The effect of denture cleansers on the mechanical and optical properties of 3D printed and heat-polymerized dentures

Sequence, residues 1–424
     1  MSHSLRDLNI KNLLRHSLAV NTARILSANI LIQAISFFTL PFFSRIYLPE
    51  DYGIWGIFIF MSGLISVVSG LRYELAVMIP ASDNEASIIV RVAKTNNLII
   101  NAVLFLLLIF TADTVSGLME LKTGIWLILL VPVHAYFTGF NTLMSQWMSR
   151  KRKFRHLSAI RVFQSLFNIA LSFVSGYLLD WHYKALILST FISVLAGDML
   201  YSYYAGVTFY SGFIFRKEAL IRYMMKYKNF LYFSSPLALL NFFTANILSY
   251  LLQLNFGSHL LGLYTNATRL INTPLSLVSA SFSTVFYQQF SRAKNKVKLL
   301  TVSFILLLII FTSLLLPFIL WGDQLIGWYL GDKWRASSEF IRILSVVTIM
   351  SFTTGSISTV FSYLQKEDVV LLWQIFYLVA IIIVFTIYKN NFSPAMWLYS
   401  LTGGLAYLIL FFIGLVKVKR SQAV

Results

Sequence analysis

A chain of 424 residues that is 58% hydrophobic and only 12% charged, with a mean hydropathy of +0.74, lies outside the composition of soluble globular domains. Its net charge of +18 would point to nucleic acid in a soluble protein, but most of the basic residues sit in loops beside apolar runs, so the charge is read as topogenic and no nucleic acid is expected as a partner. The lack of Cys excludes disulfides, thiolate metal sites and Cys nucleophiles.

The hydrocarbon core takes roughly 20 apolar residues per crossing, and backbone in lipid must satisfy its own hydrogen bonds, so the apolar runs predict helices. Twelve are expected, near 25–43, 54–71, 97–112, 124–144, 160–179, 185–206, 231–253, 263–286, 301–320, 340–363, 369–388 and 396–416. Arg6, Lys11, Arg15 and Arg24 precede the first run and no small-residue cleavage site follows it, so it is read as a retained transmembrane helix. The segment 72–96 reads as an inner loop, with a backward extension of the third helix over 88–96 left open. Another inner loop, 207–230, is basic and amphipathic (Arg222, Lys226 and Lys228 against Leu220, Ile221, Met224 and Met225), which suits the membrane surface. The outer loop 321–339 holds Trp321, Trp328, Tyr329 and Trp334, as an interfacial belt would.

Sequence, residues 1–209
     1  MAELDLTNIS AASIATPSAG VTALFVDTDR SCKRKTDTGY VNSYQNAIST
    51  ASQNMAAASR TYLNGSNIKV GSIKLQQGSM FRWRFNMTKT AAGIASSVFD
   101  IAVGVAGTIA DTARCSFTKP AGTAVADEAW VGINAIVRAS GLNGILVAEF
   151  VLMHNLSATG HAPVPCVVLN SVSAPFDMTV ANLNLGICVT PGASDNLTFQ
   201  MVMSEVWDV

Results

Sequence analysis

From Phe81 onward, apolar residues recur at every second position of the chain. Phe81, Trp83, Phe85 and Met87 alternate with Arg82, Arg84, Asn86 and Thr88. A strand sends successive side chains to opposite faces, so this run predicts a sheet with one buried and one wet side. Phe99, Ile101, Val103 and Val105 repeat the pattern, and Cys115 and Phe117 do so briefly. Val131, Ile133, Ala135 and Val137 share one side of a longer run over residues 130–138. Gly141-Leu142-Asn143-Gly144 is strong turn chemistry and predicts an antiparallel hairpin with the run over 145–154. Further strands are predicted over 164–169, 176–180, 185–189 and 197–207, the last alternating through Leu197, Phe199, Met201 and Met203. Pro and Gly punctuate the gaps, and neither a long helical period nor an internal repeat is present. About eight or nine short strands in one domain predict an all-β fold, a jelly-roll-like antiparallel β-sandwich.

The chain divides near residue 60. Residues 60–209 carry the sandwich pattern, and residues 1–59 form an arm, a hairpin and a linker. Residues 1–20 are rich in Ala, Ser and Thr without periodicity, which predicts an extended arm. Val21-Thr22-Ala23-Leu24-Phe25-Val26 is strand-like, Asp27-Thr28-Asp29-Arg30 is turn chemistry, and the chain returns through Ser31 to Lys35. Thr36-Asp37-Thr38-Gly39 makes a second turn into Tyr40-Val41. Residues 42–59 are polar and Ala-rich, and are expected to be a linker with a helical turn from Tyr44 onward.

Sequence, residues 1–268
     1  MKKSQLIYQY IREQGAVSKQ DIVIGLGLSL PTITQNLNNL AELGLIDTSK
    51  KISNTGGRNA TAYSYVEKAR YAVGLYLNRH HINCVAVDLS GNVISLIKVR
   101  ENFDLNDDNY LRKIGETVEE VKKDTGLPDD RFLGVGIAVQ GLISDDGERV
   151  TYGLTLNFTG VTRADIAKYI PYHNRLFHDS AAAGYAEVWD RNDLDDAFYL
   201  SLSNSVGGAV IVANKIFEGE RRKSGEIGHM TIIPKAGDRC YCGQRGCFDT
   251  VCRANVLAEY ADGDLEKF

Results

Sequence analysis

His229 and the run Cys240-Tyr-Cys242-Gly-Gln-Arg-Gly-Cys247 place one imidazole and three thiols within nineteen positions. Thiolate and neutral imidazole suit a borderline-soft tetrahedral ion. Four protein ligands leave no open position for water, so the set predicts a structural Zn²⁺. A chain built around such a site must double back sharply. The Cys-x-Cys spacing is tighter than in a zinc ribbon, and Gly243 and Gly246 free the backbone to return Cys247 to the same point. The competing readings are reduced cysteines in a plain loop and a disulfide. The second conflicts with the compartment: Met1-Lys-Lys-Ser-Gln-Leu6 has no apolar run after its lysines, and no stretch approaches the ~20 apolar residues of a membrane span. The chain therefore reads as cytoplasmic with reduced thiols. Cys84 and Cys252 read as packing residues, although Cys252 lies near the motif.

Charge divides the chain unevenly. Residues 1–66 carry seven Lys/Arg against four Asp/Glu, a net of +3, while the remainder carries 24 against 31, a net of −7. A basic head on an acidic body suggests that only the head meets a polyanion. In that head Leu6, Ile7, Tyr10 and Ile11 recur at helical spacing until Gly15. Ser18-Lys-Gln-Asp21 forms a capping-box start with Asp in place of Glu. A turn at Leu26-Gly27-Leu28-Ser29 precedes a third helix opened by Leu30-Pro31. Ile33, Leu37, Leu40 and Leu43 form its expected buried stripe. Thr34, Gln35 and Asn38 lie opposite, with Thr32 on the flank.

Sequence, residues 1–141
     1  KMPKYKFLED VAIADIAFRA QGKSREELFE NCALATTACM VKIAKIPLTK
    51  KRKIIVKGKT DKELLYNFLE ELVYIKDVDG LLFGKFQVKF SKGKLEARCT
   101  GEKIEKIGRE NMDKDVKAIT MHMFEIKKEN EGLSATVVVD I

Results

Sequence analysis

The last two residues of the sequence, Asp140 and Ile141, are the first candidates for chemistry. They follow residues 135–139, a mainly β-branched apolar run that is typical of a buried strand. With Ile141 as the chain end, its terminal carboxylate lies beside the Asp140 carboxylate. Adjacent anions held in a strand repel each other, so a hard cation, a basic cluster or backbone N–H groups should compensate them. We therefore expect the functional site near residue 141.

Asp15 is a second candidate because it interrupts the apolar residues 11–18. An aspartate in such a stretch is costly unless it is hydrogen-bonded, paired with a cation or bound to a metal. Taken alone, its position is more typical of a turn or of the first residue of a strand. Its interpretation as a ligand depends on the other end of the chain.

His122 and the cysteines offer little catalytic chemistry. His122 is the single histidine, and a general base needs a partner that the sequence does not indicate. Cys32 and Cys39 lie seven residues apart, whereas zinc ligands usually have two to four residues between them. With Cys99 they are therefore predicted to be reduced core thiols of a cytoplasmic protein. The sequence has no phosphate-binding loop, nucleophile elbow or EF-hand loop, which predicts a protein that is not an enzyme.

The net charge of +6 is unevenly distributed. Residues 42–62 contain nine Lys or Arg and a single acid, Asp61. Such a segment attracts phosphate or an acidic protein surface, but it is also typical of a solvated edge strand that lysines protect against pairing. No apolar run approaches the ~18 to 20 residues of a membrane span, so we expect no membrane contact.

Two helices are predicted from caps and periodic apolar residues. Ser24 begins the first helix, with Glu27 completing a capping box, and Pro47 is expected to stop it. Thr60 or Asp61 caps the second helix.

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OBJECTIVE: To assess the effect of denture cleansers on the mechanical and optical properties such as color stability, surface hardness, surface roughness, and flexural strength of the 3D printed denture acrylics in comparison to heat polymerized denture acrylics. MATERIALS AND METHODS: A total of 216 disc specimens (12 mm × 2mm) were made from Lucitone Digital Print, DENTCA Denture Base II, Formlabs denture resin, and Lucitone 199. Each type of acrylic was divided into four sub-groups, Efferdent, Polident, dish soap and control group in water. Specimens of each material were exposed to a total of 28 cycles of immersion in denture cleanser, while being stored in water in an incubator at 37°C in between cycles to test for color stability, surface roughness, microhardness and biaxial flexural strength. Baseline values were obtained for color, hardness, surface roughness, and biaxial flexural strength using a CIE L*a*b* color space by spectrophotometer, Vickers microhardness in hardness tester, line Ra by profilometer, and ball-on-three-ball fixture with universal testing machine respectively. Color, surface roughness, and surface hardness values were obtained at the 8th, 16th, and 28th cycles in order to compare color stability along with changes in surface roughness and surface hardness. Biaxial flexural strength values were performed for specimens at the 28th cycle as a destructive test to compare values of treated and untreated specimens. SEM analysis was performed to assess fracture behavior and microstructural changes. The differences between the tested materials and the treatment effects were statistically analyzed using the Tukey HSD test (a=0.05) and MANOVA test (a=0.05) RESULTS: The greatest significant change in color was seen in Lucitone 199 specimens (P value <0.0001) when exposed to dish soap. Lucitone 199 and Lucitone Digital Print had the significantly lowest microhardness values (P value< 0.0001) after exposure to treatments, especially dish soap. Surface roughness was significantly higher for all 3D specimens initially (P value <0.001), however with exposure to Efferdent and Polident, Lucitone 199 specimens had the greatest significant increase in surface roughness. The surface roughness of 3D printed specimens did not significantly increase with exposure to treatments. The biaxial flexural strength of all materials decreased significantly with the exposure to all treatments (P value< 0.0001). Overall, Lucitone 199 had the lowest flexural strength in both treatment and control groups compared to all the 3D printed materials. Formlabs was significantly affected by exposure to treatments,and had the greatest decrease in biaxial flexural strength (P value <0.0001). CONCLUSION: Within the limitations of this study, we can conclude that 3D printed materials in this study are more color stable that the heat-polymerized Lucitone 199. In regards to microhardness, 3D printed materials except for Lucitone Digital Print have higher microhardness values than heat-polymerized materials. Although Lucitone 199 had a smoother surface as prepared, the 3D printed materials in this study maintained their roughness values throughout the study, whereas Lucitone 199 showed a significant increase in roughness. The properties of 3D printed materials show a promising future for their use in treating edentulous patients. Although there are limitations to this study, it is safe to say that denture cleansers are safe to use with 3D printed dentures as long as the manufacturer’s instructions are correctly followed.